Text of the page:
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Road-Tripping on a Budget? Here’s 6 Ways to Save

Road-Tripping on a Budget? Here’s 6 Ways to Save

woman sitting in trunk with dog

Road trip memories last a lifetime, and one of mine taught me a lesson I’ll never forget. Years ago I drove to Long Island, dutifully following the GPS suggestion for the shortest route there. By the time I reached my destination, I had racked up $58 in tolls. Determined to save on my return trip, I researched another route and wound up paying $14 in tolls on the drive home. The $58 in unexpected expenses cut into my fun, and I’ve never forgotten it. Since then, I’ve learned how to maximize my savings while on the road. Here are my best tips for road-tripping on a budget: 

Maximize discounts and rewards

Poll your traveling companions. Who belongs to what travel clubs, has memberships, or carries a credit card with rewards? You might be surprised by the discounts available to the military (active or retired). Senior discounts can start as early as 55 years old. And don’t forget the reward points or discounts from credit cards for meals, stays, or experiences. 

Plan your route

The fastest drive time might cost more in the long run due to tolls. Most GPS systems can take you on a non-toll route. Taking the road less traveled allows you to see something more than semi-trucks and endless stretches of concrete highways.

Birds In Flight Barn Quilt
Photo Credit: Carroll County Tourism
“Birds in Flight” barn quilt in Westminster, MD

How else do you get to stop at the best farm stands, view dazzling barn quilts, or see small towns decorated for the holidays?  The journey can (and should) be more than your destination!

Save on gas

Do you have a loyalty card at your local grocery store? Now is the time to spend those points on gas! You can fill your tank for less, sometimes for as much as 75% off the posted price. Buy groceries and gift cards for your trip ahead of time and keep racking up your points. Think of what you can do with the extra cash! 

Be open to different overnight options

Maryland parks have lots of opportunities for camping, which adds another level of experience to your travel plans. Disconnecting from screens and devices may be just what you need!

Woman sitting on tent/canopy in the woods
Photo Credit: Nancy Neely
Primitive camping in Green Ridge State Forest

There’s no need to invest in lots of gear if you look for a site that offers cabins or yurts and you can upgrade to glamping and stay on budget. Not into the idea of camping? Consider combining a trip with a visit to a friend or relative and stay the night with them. You’ll get time with people you don’t often see and wise counsel on the best things to do in town.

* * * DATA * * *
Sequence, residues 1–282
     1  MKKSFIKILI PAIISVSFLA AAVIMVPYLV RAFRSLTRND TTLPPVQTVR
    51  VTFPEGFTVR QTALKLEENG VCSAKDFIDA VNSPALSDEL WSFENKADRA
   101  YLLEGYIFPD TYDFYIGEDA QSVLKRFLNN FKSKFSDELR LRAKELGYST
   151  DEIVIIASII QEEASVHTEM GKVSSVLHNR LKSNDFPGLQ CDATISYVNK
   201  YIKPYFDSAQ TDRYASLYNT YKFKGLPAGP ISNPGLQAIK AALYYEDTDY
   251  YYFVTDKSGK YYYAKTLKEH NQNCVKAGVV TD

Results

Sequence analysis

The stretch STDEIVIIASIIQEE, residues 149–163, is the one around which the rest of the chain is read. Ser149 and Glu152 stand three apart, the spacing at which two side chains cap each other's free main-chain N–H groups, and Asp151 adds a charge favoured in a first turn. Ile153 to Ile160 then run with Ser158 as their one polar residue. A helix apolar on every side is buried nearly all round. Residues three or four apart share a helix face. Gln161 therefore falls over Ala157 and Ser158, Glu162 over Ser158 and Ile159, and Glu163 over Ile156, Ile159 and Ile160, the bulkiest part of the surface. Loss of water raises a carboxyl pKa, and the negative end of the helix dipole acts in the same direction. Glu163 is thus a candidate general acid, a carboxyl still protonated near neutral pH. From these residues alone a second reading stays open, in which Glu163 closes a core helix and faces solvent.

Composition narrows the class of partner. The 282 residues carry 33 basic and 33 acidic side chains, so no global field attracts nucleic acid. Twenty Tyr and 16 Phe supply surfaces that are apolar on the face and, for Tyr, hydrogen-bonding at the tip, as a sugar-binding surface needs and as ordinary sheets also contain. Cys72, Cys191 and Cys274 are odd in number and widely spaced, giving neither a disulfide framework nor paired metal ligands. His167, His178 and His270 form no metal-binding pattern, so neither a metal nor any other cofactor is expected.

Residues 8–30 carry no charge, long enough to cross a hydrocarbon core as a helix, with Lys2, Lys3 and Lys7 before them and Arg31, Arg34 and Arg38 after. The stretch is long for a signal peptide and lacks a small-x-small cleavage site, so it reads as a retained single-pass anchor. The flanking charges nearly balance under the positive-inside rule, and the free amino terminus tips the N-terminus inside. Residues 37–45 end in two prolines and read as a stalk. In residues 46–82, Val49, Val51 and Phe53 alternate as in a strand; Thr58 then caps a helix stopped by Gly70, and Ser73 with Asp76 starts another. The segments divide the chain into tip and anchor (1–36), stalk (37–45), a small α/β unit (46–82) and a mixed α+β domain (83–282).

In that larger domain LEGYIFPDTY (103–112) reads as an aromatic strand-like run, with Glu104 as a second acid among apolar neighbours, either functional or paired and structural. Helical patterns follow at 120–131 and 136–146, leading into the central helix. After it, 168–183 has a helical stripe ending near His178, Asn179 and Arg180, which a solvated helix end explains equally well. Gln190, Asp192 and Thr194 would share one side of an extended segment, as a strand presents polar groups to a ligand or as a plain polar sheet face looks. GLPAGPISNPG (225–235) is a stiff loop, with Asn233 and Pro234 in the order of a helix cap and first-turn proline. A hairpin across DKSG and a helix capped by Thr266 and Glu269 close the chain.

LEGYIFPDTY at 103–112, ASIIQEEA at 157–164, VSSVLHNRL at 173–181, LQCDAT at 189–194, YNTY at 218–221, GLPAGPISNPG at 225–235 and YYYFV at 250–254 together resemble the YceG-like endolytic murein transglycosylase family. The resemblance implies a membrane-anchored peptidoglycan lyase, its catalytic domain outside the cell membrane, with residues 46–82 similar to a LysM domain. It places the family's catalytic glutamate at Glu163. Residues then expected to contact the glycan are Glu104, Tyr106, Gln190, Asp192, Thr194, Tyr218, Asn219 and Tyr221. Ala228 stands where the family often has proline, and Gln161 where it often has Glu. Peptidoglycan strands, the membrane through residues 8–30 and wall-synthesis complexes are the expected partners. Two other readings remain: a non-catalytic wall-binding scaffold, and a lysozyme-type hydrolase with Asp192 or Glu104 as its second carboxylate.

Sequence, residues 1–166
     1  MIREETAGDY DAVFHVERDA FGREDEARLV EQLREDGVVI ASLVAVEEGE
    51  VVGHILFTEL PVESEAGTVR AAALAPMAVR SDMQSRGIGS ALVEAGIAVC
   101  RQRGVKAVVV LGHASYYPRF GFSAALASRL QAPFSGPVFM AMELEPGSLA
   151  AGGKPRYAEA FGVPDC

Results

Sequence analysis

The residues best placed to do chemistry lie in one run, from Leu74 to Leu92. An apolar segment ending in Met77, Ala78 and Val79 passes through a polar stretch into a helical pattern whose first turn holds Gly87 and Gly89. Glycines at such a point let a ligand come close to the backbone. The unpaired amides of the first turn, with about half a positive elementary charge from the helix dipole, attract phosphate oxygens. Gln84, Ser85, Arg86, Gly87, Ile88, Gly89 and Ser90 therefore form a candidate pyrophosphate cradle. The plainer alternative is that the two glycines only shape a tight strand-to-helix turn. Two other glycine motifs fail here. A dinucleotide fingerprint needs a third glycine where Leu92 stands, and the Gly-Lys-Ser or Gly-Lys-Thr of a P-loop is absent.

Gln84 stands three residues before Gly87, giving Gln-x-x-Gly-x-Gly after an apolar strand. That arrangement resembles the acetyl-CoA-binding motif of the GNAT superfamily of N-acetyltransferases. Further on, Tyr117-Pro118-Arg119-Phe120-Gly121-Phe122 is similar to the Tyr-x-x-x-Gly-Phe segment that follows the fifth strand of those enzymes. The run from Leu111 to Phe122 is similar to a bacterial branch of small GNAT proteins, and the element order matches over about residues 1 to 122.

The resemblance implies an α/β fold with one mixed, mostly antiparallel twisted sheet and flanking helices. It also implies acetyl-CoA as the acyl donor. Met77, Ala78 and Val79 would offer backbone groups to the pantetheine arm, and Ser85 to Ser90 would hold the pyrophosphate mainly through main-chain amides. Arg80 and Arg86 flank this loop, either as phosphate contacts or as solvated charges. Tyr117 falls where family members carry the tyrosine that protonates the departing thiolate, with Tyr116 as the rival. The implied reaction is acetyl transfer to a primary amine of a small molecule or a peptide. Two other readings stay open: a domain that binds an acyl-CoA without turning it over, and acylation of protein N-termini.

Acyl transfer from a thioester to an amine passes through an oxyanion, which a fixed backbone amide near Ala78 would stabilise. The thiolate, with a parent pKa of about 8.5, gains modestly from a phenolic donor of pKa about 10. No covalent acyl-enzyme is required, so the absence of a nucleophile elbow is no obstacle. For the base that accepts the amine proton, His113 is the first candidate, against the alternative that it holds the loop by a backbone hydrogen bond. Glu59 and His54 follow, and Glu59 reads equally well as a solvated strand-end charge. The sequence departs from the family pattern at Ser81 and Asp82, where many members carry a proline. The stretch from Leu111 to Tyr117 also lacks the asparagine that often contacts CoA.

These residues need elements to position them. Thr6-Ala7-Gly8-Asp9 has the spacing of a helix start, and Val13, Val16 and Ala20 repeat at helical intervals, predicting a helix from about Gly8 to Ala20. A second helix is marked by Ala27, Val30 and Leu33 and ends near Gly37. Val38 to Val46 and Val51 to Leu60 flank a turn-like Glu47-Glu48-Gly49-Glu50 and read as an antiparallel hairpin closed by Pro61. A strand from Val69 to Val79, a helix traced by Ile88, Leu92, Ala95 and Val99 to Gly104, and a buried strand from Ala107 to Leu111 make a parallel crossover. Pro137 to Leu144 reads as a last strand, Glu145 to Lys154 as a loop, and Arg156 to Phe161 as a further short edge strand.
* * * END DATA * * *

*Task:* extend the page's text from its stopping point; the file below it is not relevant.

If you don’t know anyone where you are headed, comparison shop on Airbnb and hotels sites. Consider a stay a little further away from your destination, too. Hotels outside of Baltimore or Ocean City are a little cheaper than those at the center of the action. (Remember to plan for parking costs.)

Living room set up
Photo Credit: Courtesy of the host of “Vacation Home in Ocean Pines

Plan around discounted activities

Finding discounted tickets can take time, but it’s so worth it. Start with a visit to the location website, and see if there are discounts for the time of day, off-season, etc. Sometimes you can save money on purchasing a yearly membership, which can make future visits less expensive or free. Don’t forget to search Groupon, where recent discounts were offered on Maryland distillery tours, escape rooms, boat rides and even a helicopter tour of the Inner Harbor in Baltimore. Local papers or the Chamber of Commerce may have other ideas.  If you are traveling with others, you might qualify for a group rate. Finally, check Facebook, Instagram, and the local paper’s website for special deals, too. 

Save on food

Fill a cooler or insulated bag with basics like drinks, breakfast bars, nuts, fruit, etc., to keep from overspending on basics at convenience stores. Pack refillable bottles or travel mugs, too! And while you are at it, throw in some plastic forks/spoons, paper plates, and a small knife for impromptu roadside picnics. If your hotel has a breakfast bar, grab some water bottles and snack bars to take with you for your drive home. 

Years ago a friend recommended a visit to a luxury resort he knew I would enjoy but warned me about how expensive it was for dinner. I soaked up the first-class service during lunch and marveled at the gorgeous scenery outside the window before paying my bill of $60 for soup, dessert, soda, and a coffee (plus tip). My friend was right—I could not have afforded dinner! Foodies may want to consider splurging on lunch at a culinary hotspot and keeping dinners more affordable. Check for local coupons, 2 for 1 specials, and other discounts. 

Road-tripping on a budget is a great way to get out and explore. Where will you go next?


Lead Photo: Eva Blanco/Shutterstock.com

About the Author

Mary-Ellen Mitchell

Mary-Ellen Mitchell is a nonprofit consultant and writer. She has traveled to 3 continents and 43 states and loves architectural wonders, urban hikes, and happening upon local treasures. When she’s at home in Frederick, she enjoys thrifting, spending  time with her family, and planning her next adventure.

Maryland Road Trips is a part of Postern Publishing.
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